2 Science Journal of Clinical Medicine 2013; 2(6): of SWL in treating lower calyx stones and the morbidity of PNL are considered, RIRS has been applied more frequently in recent years. RIRC has a success rate that is equivalent to minimal morbidity and SWL at lower calyx stones, which are less than one cm. At lower calyx stones up to 2 cm, a higher success rate than SWL is noted (4). 2. Materials and Methods We retrospectively reviewed the medical records and radiologic films of 124 patients who underwent RIRS and SWL for the treatment of renal calculi from January 2008 and May Preoperative imaging studies, including abdominal plain x-rays, intravenous pyelograms, or abdominal computed tomography (CT), were evaluated for characteristics of renal stones, including laterality, location, number, size, and radio-opacity. Patients undergoing RIRS were analyzed retrospectively, and the success rates of events were compared. The Storz Medical Modulith SLK was used to perform SWL on any patient prior to analgesia and anesthesia procedure. However, URS was performed with a 8 f Storz flex x2 flexible URS, with all surgery being performed with the patient in the dorsal lithotomy position under general anesthesia. A safety hydrophilic guide wire was positioned in the upper urinary tract using an 8/8.9 Fr. semi-rigid ureteroscopy, and retrograde pyelography by fluoroscopy with contrast dye was performed to identify urinary stones and delineate urinary tract anatomy. Except in cases of renal stones, which could be accessed byuse of a semi-rigid ureteroscopy only, a flexible ureteroscopy access sheath was placed based on the surgeon s preference. During the RIRS process, stone fragmentation was performed with a Holmium-YAG laser using a 200 or 365 µ fiber. Fragmented stones were extracted with a stone basket or irrigation. In some cases, double J or ureteral catheters were placed in the ureter. A double J ureteral stent was routinely placed at the end of each procedure in all patients and was removed 2 weeks later on an outpatient basis. The diameters of stones were between 7-20 mm (average 12mm). SWL was contraindicated in pregnant patients, patients with active urinary tract infections, and in patients with a serious deterioration of kidney function. SWL and RIRS were indicated in patients with existing symptoms (pain, urinary obstruction), stones bigger than 6mm with inability to pass urine. Drugs such as aspirin, warfarine natrium and clopidogrel were not discontinued. Instead, these patients received shocks with number of less than 1500 and intensity less than 50. The diagnosis was confirmed with ultrasound, IVP(intravenous pyelogram) and CT scan. CBC, full blood biochemistry, complete urinalysis and urine cultures were obtained prior to SWL and RIRS. No, spinal or epidural anaesthesia, sedation or narcotic analgesics were used. Intramuscular diclophenac sodium was administered when the pain score was 5 out of 10 or more. In cases of persistent pain, Tramadol HCl 2mg /kg was administered intravenously. In order to facilitate efficiency and safe application, ultrasonic focusing was used in this device which has abilities of both, ultrasonic and x-ray focusing. Patients were then rescheduled for follow upat the10 th, 20 th and 30 th days, and the 3 rd month after the procedure. At the follow up visits, all patients underwent both urinary x-rays and ultrasound. An interval period of 10 days between sequences was scheduled. All patients received recommendations regarding prescription drugs (analgesics, antiseptics), fluid intake, necessary bed position and sports activities were also recommended. 3. Results In the 64 patients undergoing SWL with lower caliceal stones, the stone diameter was 6-35 mm (mean 15.9 mm), the patient ages ranged from years (mean 44.9), the total number of sessions required was1-4 (mean: 1.6), the number of shots was (mean: ) and the fire intensity was (mean: 60).Ten percent of patients required analgesia and the success rate of the procedure was 87.5%.Hematuria occurred in65% as a minor complication and in 2%, streinstrasse occurred as a major complication. Of these patients, 36 had a right kidney stone and underwent SWL in the prone position. The rest had a left kidney stone and 15 patients without a superimposed stone at the 12th ribunder went the procedure in the prone position. Five patients with the above-mentioned superimposition underwent the procedure in a one-sided prone position, and 10 patients underwent the procedure in the supine position. A1-4 sequence of SWL (average 2) applied to all cases. The number of shocks for every sequence was (average ), and the intensity of shocks was between kv. (average 60).On CT and US after 3 months in all patients (64 patients, who underwent SWL and 3 patients who underwent RIRS first without success and then underwent SWL), a residual stone was detected in 11 patients (16.4%). Thus, the total success rate was determined to be 83.5%. Inpatients undergoing RIRS, the stones were between 7-30 mm in diameter (average 15.2 mm), the patient ages ranged from years (mean 39.75), the duration of the operation was an average of 48.8 minutes (30-85 minutes) respectively. An access sheath was used in 32 patients, and balloon dilation was performed in 8 patients with distal ureteral stenosis. A double J catheter was placed in 7 patients because of stenosis in the upper ureter, and four weeks later, the stones were treated in4 patients who underwent RIRS and in 3 patients who underwent SWL. Patients were discharged on an average of 1.2 days (1-3 days). In 30%(18) of patients, a ureteral laceration was noted, and in 75%(45) of patients, hematuria occurred as minor complication. Partial ureteral avulsion occurred in one patient. Thus the overall success rate was 96.4%. A double J catheter was placed in 15 patients, and a ureteral catheter was placed in 38 patients.. Three of 22 patients in whom a double J catheter was placed, experienced significant catheter-related pain. Follow up, USG and CT of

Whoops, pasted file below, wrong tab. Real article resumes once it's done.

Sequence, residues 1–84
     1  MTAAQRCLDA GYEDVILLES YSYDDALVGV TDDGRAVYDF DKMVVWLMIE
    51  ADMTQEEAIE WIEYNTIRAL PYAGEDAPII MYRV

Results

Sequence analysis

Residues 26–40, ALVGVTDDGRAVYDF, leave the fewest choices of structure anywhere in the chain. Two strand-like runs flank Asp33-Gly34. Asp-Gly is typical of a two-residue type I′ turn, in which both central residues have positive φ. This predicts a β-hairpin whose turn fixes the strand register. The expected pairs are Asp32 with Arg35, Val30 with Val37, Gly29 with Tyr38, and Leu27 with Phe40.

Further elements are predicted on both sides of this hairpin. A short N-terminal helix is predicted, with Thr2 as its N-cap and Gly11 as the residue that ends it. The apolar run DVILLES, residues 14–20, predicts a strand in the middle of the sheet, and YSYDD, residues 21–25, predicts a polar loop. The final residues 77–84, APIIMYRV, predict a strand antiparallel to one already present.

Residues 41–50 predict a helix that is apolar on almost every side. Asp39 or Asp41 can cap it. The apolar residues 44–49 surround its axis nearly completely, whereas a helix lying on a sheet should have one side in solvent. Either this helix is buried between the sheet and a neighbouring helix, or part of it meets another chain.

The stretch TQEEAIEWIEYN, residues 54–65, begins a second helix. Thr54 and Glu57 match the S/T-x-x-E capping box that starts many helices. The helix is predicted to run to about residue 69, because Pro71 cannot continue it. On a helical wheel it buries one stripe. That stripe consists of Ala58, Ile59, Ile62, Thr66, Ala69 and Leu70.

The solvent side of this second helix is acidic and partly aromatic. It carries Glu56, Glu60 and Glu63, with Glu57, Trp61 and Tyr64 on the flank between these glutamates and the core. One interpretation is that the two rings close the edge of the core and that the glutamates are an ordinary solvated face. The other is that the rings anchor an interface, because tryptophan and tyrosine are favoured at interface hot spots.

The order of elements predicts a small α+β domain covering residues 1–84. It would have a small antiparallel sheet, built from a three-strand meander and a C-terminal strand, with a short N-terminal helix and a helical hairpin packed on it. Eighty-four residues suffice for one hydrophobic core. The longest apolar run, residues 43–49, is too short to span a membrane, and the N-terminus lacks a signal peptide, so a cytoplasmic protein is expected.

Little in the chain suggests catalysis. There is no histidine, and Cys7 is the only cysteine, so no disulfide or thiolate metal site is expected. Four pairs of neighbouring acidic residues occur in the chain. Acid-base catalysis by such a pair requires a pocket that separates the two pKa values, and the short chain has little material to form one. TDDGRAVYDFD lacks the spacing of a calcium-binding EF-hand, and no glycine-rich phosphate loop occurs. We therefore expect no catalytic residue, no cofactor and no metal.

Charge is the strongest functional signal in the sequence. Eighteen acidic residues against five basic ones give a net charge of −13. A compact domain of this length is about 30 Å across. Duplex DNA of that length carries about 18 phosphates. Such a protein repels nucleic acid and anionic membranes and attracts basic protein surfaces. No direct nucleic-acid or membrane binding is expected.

3 168 Basri Cakiroglu et al.: Comparison of SWl and F-URS in Lower Calyceal Stones patients 3 months following the RIRS showed the presence of a residual stone in 6 patients (10%). 4. Discussion SWL is a remarkable advancement in the treatment of urinary stones and has been regarded as the standard treatment for most patients since then. It is a very effective treatment with a 90%-success-rate in the extraction of renal pelvis-placed stones. However, the lower success rate of SWL in removing lower calyceal stones requires that alternative strategies be considered for those stones. While the 2012 EAU guideline proposes that SWL be the first option for the treatment of middle calyx, upper calyx and renal pelvis stones up to 2 cm in size, it evaluates the treatment of lower calyx stones and proposes the critical stone size as below 1.5 cm for SWL, unlike other renal stones. Furthermore, in presence of pregnancy, bleeding diathesis, aortic or renal arterial aneurysm, close to the region treated and in uncontrollable urinary infections, SWL is contraindicated. Additionally, clinical factors (body mass index, skin-stone distance) and patient choice play a significant part in determining the treatment. After furs and Laser energy have been discovered, a new breakthrough has been made in treatment of kidney stones(5). On one hand, RIRS devices are made such that they have a smaller outside diameter (6,75 9 Fr) and a wider operating channel (3,6 4 Fr) such that more dual deflection can be obtained. On the other hand, the access cover, holders, expanders, guide wires, and catheters have evolved in compliance with those devices (6). The Holmium YAG laser, which has been in fashion in endoscopic stone surgery since the early 1990s, has a 2100 nm-wavelength and its tissue penetration is 0.4 mm. The energy is transmitted through quartz fibers; it fragments the stone via a photo thermal effect by turning into thermal energy at the surface of the stone at a higher dose and frequency (15 W- 10 Hz) while cutting the stone at lower power and frequency (6-9). The definite indications for RIRS include a bleeding diathesis, anatomic disorders, obesity and stones for which PCNL, SWL and medical treatment are ineffective. The operation-specific complications include in or complications (approximately 5%-13.5%), such as inability to reach the stone, a residual stone, fever, pain, urinary infection, temporary hematuria, acute urinary retention, ureteral and pelvicaliceal epithelial abrasion, minimal extravasation and major complications (approximately 5%) such as obstructive pyelonephritis, streinstrasse, subcapsular hematoma, perforation, fornix tear, urinoma, avulsion (0.06% %), bleeding requiring transfusion, bacteremia, urosepsis. Through technological progress and diameter declines on RIRS, complications like avulsion have decreased and dropped to 1.5% (10-13).The probability of a ureteral stricture may be decreased by placing a double j stent(14).today, more than 90% of patients are discharged within the first 24 hours after treatment (10). The rate of patients who stay in the hospital is 4.9% and is nearly equal to the complication rate(7). In a study comparing PCNL and RIRS, the duration of stay at a hospital is 60 ± 28.8 and 26.5 ± 10.6 hours (15). When the success rates of lower calyx stones in the literature are considered, since there is no standardization in terms of stone load, fragmentation, SFR, duration, diagnostic tool of choice, and definition, the results of the studies cannot be compared with each other. In general, the results are a bit higher than SWL, and a bit lower than in the other renal locations. In a well-organized study (9), which is primary for the RIRS treatment of lower calyx stones, single-session furs fragmentation results in3 groups of stones, classified as <10, and >20 mm were 94%, 95% and 45% respectively. When a 2 nd session treatment was applied to the last group, the fragmentation rate reached 82% and became 91% over all the reachable ones; when the non-stone (stonelessness) rates in 3 rd month were examined, it was 82%, 71% and 65% (16). In a study (16), in which the anatomically different properties of the lower calyx group including infundibular length, and its subpolar anatomic properties were discussed in 1998 are emphasized (17,18). The fact that the infundibulopelvic angle is bigger than 70 degree, its length is bigger than 3 cm and its width is smaller than 5 mm are all important parameters for SWL. However, even if furs is said to affect treatment, the paper mentions that this does not reach statistically significant difference in terms of results (17,18). It is said in a new study that unlike both these groups,the angle has a significant effect on the non-stone (stonefree) rates in furs, and that the effect of other parameters is identical (19). In a study by El-Nahas in 2012, 37 SWL and 62 furs patients are compared in terms of treatment of subpolar stones with mm diameter. The non-stone (stonefree) rates were found to be 67.7% and 86.5% respectively, and the difference was statistically significant (9).In this study, the patients whose stones could not be broken through SWL or furs were treated with PCNL, and patients who underwent SWL, with clinically significant residual stones were treated with furs, and patients who underwent furs were treated with SWL. Another study compared PCNL and furs in terms of treatment of mm lower calyx stones and found the success in a singlesession treatment to be 98.2% and 89.2% respectively; this rate increased after repeating rigid and flexible treatments/interventions in 2 patients and was proposed as an alternative to PCNL in some cases with accept able morbidity rates (20). When the literature data are reviewed, in lower calyx stones, the success of furs is % in stones under 1 cm, % in 1 2 cm stones, while the success rate of SWL success is 21 80% on the whole, is 59-60% in the >1 cm group and is 60-80% in <1 cm group (21-26). However, this success rate decreases as the stone diameter increases; thus it seems nearly impossible to obtain stonelessness through a single-session in stones bigger than